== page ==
The College of Nursing offers the Master of Science in Nursing under either Plan I (with thesis) or Plan II (without thesis). Students must meet the general University requirements for Plan I or Plan II as set forth earlier in this catalog. Plan I requires a minimum of 30 credit hours (including 6 credit hours for thesis) in nursing and related subjects. Under Plan II a minimum of 32 credit hours in nursing and related subjects is required. Under both plans the student must complete the courses required for the chosen concentration. Although some concentrations may require many credit hours beyond the minimum, individual review of records may allow waiver of some of the concentration courses. The minimum credit requirement for Plan I (30) or Plan II (32) must be met by all degree-seeking candidates regardless of any course waivers. Requirements for individual concentrations are available from the concentration coordinators or the College of Nursing Advisement Office. Some concentrations require full-time study. Students should expect a minimum of three hours per week per credit for clinical involvement when taking clinical nursing courses.

The M.S.N. Program Objectives

Once completed, the graduate is prepared to:

  1. Analyze theoretical formulations as a basis for nursing practice, education, and administration.
  2. Apply and/or participate in research about health/illness and the practice of nursing.
  3. Utilize advanced clinical knowledge and skill to promote, maintain, and/or restore optimum wellness to client systems.
  4. Assume leadership roles in nursing practice, education or administration.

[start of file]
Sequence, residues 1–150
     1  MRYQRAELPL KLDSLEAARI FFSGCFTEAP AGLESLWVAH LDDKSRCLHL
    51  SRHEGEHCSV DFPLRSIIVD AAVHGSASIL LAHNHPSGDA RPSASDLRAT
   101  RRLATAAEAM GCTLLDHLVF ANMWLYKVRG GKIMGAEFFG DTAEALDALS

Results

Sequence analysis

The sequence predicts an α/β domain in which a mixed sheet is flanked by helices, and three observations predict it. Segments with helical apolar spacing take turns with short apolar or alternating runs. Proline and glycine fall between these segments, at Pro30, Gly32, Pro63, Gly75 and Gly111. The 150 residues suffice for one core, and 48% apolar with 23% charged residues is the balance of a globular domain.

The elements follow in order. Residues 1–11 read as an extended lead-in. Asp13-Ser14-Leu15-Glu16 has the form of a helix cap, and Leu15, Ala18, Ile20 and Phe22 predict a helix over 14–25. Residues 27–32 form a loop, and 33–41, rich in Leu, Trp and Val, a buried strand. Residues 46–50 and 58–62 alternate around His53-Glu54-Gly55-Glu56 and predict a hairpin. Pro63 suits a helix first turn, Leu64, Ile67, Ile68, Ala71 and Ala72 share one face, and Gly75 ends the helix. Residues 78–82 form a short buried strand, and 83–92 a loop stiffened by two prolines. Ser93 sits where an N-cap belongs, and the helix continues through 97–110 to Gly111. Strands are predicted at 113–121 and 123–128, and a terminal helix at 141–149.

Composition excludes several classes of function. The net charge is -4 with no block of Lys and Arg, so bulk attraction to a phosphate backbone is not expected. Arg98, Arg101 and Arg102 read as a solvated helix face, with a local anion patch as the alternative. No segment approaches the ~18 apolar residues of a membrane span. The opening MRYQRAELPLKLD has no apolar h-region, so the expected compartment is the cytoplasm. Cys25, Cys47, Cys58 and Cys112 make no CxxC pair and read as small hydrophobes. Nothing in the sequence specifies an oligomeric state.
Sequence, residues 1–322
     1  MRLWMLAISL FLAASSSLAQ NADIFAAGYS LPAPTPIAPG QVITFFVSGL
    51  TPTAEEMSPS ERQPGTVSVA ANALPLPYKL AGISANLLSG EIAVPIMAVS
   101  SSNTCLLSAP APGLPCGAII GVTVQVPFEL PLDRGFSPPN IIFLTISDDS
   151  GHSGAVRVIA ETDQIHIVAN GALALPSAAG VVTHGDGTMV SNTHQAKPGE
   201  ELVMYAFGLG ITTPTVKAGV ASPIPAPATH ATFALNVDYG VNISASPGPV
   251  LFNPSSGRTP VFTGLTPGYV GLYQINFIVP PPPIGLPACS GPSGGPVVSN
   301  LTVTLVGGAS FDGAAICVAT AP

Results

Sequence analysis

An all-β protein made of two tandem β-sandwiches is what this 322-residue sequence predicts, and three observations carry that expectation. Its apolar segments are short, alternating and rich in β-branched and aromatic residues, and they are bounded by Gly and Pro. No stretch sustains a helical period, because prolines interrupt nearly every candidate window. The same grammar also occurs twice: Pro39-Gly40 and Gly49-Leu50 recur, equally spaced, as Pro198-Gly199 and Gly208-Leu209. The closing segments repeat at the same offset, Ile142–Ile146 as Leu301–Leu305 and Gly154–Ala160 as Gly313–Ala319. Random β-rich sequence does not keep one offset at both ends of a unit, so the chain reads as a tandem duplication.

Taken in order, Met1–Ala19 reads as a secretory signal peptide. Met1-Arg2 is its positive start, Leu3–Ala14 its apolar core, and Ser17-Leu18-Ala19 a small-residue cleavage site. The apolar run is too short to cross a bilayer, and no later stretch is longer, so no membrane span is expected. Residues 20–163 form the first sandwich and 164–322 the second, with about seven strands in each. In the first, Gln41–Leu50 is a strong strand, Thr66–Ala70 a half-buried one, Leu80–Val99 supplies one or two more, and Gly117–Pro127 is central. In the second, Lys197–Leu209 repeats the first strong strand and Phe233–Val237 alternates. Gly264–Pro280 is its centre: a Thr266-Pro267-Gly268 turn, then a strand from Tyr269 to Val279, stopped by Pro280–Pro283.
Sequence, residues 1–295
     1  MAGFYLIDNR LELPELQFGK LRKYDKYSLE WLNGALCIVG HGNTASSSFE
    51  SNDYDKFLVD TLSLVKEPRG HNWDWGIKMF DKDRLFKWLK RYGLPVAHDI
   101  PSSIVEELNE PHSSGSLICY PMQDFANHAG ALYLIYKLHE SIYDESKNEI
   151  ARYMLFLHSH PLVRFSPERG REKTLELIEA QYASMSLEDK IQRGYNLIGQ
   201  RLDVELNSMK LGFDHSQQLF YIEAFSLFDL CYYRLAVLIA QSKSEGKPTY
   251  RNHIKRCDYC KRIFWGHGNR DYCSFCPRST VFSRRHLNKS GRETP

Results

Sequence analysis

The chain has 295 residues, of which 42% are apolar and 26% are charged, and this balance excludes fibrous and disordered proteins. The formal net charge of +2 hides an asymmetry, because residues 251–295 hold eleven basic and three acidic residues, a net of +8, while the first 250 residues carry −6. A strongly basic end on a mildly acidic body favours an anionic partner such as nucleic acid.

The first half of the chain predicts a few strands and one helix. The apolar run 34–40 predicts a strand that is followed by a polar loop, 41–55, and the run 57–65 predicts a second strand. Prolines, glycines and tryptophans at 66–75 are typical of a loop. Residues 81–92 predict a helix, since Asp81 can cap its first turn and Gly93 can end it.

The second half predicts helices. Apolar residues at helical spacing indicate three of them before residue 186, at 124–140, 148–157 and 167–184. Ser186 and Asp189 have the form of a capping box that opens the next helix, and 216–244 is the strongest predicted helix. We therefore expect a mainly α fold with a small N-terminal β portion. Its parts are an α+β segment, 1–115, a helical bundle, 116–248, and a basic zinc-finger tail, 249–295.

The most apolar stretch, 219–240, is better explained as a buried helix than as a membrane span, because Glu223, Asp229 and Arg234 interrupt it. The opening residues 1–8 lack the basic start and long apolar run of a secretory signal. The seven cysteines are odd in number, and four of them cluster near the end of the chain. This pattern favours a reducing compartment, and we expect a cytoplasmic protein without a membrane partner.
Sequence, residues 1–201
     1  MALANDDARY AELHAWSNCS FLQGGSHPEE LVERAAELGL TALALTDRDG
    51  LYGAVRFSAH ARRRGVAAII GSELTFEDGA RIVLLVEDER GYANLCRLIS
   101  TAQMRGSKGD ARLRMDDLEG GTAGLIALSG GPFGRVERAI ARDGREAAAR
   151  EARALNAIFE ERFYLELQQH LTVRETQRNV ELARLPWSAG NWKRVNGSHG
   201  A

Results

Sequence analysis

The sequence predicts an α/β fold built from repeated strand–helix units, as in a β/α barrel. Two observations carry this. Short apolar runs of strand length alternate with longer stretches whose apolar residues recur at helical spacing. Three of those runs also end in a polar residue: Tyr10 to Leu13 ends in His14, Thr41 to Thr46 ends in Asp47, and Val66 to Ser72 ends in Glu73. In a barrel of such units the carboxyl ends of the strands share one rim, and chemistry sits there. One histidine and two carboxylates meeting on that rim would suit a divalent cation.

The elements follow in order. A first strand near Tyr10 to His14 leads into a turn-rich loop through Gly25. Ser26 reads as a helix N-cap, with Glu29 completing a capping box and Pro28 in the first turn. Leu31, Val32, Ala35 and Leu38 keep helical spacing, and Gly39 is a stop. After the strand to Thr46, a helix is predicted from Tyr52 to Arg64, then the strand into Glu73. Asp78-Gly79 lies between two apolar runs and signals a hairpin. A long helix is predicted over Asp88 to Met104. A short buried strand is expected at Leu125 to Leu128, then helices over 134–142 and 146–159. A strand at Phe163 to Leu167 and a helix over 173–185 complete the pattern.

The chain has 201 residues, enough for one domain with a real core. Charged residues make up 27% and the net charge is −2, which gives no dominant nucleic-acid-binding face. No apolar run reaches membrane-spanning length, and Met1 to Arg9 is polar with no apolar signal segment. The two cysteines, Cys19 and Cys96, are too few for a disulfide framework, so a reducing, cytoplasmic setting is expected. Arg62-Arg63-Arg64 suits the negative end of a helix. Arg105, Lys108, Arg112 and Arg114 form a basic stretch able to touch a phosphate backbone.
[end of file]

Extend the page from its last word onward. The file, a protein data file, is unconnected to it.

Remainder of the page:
5. Assume responsibility for developing health care policy relative to social, ethical, legal, economic, and political issues that impact on nursing.
  6. Organize and develop collaborative relationships for the improvement of health care on an agency, organizational or legislative level.
  7. Synthesize knowledge from the biophysical, social, and nursing sciences that affects health/illness behavior or client systems as a basis for nursing practice, education, and administration.

Application Deadlines

Spring term Nursing Education: September 15

Summer term (Notes: the FNP, PNP, NM, and ACNP concentrations accept applications for Summer term only.  The PNP concentration is not offered every year; check the College of Nursing Web site for current status):
ACNP: October 1
FNP: November 1
PNP: November 1 (subject to change)
Nurse-Midwifery: October 1

NOTE: Clinical courses cannot be taken until the student is accepted into the program and is eligible to be licensed as a registered nurse in New Mexico and/or state where clinical work is to be done.

Admission Requirements

All students seeking acceptance to the College of Nursing graduate program must meet requirements for admission to the University. See the section in this catalog on the Graduate Program for information on University admission requirements.